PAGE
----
With the advent of ultra portable laptops, optical drives are becoming a thing of the past. Although not having optical drives allows manufacturers to make lighter devices, it causes problems to users when they want to fresh install operating systems, as most of them are still available in the form of CDs, DVDs and downloadable ISOs. For users of these devices, the only option then remains is to use a flash drive to install the operating system of their choice.
Not surprisingly, there are also a few of us who prefer installing operating systems from flash drives for its faster speed. There are also a few of us who prefer to keep live operating systems on our flash drives to access computers without having an OS by simply plugging in our devices.
With such a lot of users needing to create bootable USB flash drives, it appears imperative that OS manufacturers provide an inbuilt way to create them with each DVD and CD they provide. However, that is not the case with all operating system manufacturers.
In fact, most of the users are left hunting for third party applications that can create a bootable USB drive for their specific operating system. To add to a user’s misery, the OS manufacturers that do provide an application for this make them OS specific (like the Windows 7 USB/DVD tool) and do not support ISOs and DVDs of other OSs. Some of them fail to work even if the original ISO/DVD is slightly modified (slipstreamed etc.).
Use Rufus to create bootable USB media
If you too are one such user looking for a solution, you can stop looking and try Rufus, an open source tool to create a bootable USB drive from any bootable ISO.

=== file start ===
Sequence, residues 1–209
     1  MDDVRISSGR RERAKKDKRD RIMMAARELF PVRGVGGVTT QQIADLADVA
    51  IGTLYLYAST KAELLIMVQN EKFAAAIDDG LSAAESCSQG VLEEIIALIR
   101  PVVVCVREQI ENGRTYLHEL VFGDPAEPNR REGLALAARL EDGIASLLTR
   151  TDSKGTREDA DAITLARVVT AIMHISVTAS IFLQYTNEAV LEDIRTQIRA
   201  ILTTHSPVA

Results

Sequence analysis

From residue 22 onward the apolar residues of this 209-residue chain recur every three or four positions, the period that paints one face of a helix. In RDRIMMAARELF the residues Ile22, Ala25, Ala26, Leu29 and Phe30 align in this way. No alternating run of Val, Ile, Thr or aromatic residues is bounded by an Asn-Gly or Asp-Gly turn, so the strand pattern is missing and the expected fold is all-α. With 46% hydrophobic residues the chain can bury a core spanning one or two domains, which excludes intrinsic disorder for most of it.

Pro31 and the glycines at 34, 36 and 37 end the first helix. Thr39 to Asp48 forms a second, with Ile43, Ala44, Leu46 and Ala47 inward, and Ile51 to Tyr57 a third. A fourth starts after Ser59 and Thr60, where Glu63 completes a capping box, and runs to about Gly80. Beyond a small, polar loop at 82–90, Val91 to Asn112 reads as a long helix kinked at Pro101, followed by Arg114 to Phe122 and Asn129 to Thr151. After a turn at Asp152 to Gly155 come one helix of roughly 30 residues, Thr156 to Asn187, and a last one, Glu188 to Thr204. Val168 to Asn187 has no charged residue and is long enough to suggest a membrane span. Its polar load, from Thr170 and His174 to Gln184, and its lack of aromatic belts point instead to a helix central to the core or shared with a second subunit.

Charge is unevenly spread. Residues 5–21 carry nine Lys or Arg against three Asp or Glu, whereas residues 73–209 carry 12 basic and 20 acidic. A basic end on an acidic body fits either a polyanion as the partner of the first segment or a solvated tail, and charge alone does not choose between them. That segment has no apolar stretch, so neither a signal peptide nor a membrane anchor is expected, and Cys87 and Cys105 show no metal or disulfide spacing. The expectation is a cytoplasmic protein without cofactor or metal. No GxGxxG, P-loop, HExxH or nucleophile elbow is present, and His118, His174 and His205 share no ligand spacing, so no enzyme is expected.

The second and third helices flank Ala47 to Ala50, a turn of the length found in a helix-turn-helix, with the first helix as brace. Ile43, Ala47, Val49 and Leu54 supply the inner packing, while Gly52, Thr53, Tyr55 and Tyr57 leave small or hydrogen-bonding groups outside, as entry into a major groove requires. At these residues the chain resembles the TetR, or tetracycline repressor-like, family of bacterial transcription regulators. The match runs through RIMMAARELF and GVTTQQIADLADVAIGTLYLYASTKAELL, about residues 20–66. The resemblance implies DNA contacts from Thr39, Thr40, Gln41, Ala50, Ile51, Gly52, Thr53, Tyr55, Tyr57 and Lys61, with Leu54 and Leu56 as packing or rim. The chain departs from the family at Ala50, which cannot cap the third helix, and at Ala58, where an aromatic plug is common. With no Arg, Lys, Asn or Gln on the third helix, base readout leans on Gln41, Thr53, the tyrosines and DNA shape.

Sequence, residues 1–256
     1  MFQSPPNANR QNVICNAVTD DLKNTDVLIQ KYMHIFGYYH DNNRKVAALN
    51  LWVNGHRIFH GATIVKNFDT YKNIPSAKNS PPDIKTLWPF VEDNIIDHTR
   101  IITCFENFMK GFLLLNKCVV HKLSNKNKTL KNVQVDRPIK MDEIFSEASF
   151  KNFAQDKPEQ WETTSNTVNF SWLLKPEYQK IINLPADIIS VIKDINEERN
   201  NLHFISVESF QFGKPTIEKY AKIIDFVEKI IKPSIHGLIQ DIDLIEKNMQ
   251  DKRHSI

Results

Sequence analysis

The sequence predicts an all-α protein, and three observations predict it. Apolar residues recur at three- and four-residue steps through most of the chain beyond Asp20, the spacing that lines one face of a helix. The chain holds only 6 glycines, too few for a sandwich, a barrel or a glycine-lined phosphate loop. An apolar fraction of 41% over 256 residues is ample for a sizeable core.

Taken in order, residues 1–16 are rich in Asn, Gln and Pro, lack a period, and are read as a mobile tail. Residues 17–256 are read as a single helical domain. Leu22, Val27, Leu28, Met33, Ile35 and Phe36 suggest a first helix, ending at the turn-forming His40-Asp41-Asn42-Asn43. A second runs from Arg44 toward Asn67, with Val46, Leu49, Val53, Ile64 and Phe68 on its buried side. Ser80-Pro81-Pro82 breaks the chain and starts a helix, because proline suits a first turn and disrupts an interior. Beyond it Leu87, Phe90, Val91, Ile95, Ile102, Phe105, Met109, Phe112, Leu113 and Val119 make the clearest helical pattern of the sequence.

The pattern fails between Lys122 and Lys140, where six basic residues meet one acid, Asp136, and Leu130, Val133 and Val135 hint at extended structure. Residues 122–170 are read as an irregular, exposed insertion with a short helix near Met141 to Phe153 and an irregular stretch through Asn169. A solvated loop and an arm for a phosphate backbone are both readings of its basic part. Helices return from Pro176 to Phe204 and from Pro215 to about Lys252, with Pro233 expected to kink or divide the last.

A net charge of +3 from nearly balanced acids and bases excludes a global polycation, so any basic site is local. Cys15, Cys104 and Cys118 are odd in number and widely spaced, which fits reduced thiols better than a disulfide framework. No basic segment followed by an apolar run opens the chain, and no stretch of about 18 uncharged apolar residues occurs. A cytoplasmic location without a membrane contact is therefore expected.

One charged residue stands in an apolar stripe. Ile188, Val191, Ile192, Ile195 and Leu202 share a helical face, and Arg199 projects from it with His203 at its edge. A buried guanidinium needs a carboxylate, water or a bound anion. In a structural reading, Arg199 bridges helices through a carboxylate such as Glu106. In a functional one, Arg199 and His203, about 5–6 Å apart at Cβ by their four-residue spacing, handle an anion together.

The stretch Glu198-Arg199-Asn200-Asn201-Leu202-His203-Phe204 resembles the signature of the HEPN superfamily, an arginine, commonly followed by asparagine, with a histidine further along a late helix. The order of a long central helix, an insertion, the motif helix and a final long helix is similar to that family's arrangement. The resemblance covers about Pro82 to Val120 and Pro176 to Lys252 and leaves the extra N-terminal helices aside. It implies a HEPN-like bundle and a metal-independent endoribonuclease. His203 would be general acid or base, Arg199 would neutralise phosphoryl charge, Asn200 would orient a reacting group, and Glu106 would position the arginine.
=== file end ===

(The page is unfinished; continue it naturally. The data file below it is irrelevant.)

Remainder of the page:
Rufus is small in size (nearly 615 KB) and claims to be faster at creating bootable USB drives than most applications of its type. Rufus is also portable which means that you need not install this software to use it. Just double click on the executable file and the application will start working. Rufus also allows you to add fixes to use your bootable flash drives on older computers having BIOSs which do not support booting from them.
Strangely however, Rufus can only create bootable flash drives from ISOs meaning you need to have an ISO image of the CD or DVD of the OS of your choice.
I do not think this should be too much of a problem considering how easy it is to create ISOs from DVDs and CDs.
How to use Rufus?
1) When you start Rufus, the first option that you will see is Device:. It contains all your connected USB drives. If you plug in a USB drive after starting Rufus, the drive you have connected will shortly be available here.
2) You will not need to modify the Partition Scheme and target system type, as the default choice is suitable for making the USB drive work on both UEFI and legacy BIOS computers.
3) Change the file system from FAT32 to NTFS from the dropdown menu. This is the file system with which your USB drive will be formatted with. Do note that older computers will not boot from a flash drive formatted as NTFS. Do not modify the cluster size. Enter the name you want for your USB device in the Volume label box.
4) Check the Create a bootable disk using checkbox if it is not already checked. In the dropdown menu next to it, select ISO image. Click on the button right to it to locate your ISO image.
Do note that Rufus will format your USB drive deleting everything on it before making it bootable. So, make sure that it does not contain any important data.
5) Click on Start to format your USB drive and extract all files of the ISO to it.
To install the OS, restart your computer and select your USB device as the primary boot option in the BIOS boot menu.
Rufus works on all the latest versions of Windows and can be used to extract the following ISOs to a bootable USB drive:-
Arch Linux, Archbang, BartPE/pebuilder, CentOS, Damn Small Linux, Debian, Fedora, FreeDOS, FreeNAS, Gentoo, GParted, gNewSense, Hiren’s Boot CD, LiveXP, Knoppix, KolibriOS, Kubuntu, NT Password Registry Editor, Parted Magic, Partition Wizard, Raspbian, Linux Mint, OpenSUSE , ReactOS, Red Hat, rEFInd, Slackware, Tails, Trinity Rescue Kit, Ubuntu, Ultimate Boot CD, Windows XP (SP2, SP3), Windows Server 2003 R2, Windows Vista, Windows 7, Windows 8, Windows 8.1, Windows 10, Windows Server 2016 and many more